Naturally, there are more considerations, but let's move on.

Taking KPI-Driven Decisions: Openness & Consistency

Remember that KPIs are your tool to help you understand the product and market dynamics and take decisions. Enjoy the confirmation of your decisions, but be open to correct a mistake, as the data usually doesn't lie. Try to convert the leading KPIs into a set of course corrections or improvements you need to take; you can always do better. Try to make the process as logical (NOT emotional) as possible, so it's easily explained to others (try it!), and repeatable. Ensure your decisions are consistent: take a look at data from a few weeks ago and ask yourself if you would have made the same decision. And lastly, set a cadence for your review: don't make it anecdotal, continuous or a task to dread. It's much like a sprint meeting; make it recurring, short and concise. On your calendar, no excuses.


The following is the beginning of the discussion on KPIs. At this level, I will only describe categories (as this post is already long enough). In the next post, we'll dive in.

Image title

KPI categories for the product manager

I count 6 categories. Naturally, you may have others, but this is my logic:

  • Usage trends and product quality: This gives you perspective on what the customer is going through. They are first intentionally: you can be successful commercially or have the best innovative product. Your product lives and dies on value delivery (which shows in usage),  reliability and ease of use (product quality). Every product manager should be on top of these.

  • Dev team efficiency and innovation/differentiation: I see these as ongoing levers Sometimes you push the pedal to the metal and accept technical debt. You drive innovation and differentiation. Sometimes you need to step back and really help your customers be successful, or get ready to scale. You need to know your competitive window and when can you make these internal investments.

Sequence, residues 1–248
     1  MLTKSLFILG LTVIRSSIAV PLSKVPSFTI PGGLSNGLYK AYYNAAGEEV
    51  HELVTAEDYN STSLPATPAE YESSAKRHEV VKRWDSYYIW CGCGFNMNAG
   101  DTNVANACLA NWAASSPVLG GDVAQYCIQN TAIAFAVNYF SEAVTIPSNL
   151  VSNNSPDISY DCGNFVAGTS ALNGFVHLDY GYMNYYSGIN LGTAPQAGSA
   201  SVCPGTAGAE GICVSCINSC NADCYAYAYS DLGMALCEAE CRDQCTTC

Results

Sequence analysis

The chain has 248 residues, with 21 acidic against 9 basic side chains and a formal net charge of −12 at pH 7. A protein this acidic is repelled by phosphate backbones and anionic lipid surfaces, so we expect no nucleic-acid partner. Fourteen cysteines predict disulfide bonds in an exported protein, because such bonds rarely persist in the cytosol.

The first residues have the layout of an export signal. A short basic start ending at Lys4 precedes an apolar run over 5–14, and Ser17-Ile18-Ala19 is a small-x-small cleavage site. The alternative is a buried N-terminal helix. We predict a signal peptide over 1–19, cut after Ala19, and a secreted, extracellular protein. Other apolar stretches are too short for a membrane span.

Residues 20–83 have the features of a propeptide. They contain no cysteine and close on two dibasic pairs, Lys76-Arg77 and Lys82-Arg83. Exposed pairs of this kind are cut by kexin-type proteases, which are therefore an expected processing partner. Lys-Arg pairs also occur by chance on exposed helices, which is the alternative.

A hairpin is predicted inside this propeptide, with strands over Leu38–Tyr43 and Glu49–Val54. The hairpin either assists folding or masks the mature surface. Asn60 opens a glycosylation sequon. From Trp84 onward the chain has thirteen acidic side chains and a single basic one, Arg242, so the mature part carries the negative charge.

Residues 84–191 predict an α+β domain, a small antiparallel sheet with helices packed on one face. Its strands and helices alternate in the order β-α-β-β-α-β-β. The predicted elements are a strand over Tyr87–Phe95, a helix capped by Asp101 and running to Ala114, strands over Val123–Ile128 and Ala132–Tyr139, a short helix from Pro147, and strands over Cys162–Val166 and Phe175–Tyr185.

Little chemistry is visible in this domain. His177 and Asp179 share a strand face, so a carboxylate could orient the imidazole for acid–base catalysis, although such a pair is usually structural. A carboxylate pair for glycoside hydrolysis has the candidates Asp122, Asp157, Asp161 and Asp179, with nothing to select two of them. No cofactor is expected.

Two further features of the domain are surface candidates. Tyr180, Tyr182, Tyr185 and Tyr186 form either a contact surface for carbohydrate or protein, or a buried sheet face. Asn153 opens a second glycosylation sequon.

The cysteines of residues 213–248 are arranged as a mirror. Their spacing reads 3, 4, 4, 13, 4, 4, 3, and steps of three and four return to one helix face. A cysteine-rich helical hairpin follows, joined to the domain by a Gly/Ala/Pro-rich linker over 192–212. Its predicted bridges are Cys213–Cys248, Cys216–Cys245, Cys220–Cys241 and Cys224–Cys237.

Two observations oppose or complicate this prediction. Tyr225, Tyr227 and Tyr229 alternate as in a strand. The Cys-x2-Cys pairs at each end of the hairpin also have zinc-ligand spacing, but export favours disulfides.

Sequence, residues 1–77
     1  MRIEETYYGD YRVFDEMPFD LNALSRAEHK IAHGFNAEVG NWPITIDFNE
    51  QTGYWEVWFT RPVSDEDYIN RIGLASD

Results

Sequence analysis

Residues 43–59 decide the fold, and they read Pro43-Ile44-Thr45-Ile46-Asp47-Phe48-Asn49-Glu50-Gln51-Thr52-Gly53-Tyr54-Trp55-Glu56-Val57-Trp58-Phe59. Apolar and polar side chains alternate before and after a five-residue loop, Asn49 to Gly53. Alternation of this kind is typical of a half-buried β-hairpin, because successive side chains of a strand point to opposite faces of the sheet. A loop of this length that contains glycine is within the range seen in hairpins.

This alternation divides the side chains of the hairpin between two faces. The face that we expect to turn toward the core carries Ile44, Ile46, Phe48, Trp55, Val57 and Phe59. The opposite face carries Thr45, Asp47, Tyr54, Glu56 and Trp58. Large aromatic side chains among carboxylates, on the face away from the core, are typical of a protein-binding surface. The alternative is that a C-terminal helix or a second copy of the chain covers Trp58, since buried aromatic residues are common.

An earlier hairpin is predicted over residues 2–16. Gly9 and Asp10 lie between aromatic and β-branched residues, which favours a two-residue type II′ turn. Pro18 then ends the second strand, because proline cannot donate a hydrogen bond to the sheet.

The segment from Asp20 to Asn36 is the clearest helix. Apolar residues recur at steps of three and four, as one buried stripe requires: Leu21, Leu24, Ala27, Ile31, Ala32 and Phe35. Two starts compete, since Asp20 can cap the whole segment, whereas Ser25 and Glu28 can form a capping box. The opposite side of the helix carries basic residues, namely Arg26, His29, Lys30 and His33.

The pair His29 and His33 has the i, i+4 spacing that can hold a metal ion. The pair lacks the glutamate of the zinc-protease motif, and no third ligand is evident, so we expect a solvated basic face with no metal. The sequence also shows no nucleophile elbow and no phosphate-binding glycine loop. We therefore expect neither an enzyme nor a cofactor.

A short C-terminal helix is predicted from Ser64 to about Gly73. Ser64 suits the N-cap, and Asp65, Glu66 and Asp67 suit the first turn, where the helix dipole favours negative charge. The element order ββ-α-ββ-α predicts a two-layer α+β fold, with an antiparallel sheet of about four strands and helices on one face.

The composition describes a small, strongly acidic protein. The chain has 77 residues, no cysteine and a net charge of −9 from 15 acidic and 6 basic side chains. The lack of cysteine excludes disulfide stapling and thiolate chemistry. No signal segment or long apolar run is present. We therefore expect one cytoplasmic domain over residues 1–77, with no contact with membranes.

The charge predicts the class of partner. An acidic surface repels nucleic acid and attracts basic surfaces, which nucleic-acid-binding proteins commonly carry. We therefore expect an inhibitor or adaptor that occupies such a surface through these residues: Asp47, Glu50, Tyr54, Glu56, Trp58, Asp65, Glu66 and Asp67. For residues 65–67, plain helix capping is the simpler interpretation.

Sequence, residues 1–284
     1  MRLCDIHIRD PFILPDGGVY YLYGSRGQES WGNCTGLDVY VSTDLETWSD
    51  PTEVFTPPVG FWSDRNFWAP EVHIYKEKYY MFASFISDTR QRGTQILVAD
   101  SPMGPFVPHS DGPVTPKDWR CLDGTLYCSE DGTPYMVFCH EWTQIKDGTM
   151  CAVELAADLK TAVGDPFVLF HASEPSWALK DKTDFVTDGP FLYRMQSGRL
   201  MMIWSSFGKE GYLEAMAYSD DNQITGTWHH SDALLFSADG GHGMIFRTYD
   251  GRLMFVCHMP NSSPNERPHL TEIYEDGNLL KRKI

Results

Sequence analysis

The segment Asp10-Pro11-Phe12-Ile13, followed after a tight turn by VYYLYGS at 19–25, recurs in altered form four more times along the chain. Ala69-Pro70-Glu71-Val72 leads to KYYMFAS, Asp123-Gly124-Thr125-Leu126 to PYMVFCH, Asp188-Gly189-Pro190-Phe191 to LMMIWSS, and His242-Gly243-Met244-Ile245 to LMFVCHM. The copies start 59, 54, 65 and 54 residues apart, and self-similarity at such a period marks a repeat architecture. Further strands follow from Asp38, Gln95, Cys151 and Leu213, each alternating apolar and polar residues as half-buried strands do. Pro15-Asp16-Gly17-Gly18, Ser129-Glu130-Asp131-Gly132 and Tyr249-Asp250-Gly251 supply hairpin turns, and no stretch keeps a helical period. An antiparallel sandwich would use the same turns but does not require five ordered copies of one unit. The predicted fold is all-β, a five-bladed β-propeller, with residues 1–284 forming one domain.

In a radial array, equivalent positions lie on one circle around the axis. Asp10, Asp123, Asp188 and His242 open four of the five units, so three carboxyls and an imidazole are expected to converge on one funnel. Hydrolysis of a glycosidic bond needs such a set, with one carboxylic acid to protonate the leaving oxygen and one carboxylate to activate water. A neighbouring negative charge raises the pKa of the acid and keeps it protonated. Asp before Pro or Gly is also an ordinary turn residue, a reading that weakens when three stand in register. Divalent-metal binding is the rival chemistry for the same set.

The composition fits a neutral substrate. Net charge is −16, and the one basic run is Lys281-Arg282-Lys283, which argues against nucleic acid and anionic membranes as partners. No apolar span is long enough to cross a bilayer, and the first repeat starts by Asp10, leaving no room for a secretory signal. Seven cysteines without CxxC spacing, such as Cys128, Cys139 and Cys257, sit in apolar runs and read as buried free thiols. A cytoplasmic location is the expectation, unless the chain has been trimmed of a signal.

• Commercial: Admittedly, not all product managers are asked to own this category. It's not always possible if there is no SKU that separates the numbers. As a product manager myself, I would struggle to get complete insight without these figures, because that's how I impact the business. Even if you do not use these today, I highly recommend considering adding commercial analysis to your skill set for future growth.

  • Market awareness: Naturally, you want the market talking about your product. If they don't, you have a problem.

In the Next Post..

We will go over the list of KPIs. I will provide an example from my world of leading and trailing KPIs and how those help me understand the real state of my product.

Hope this is useful, looking forward to your feedback!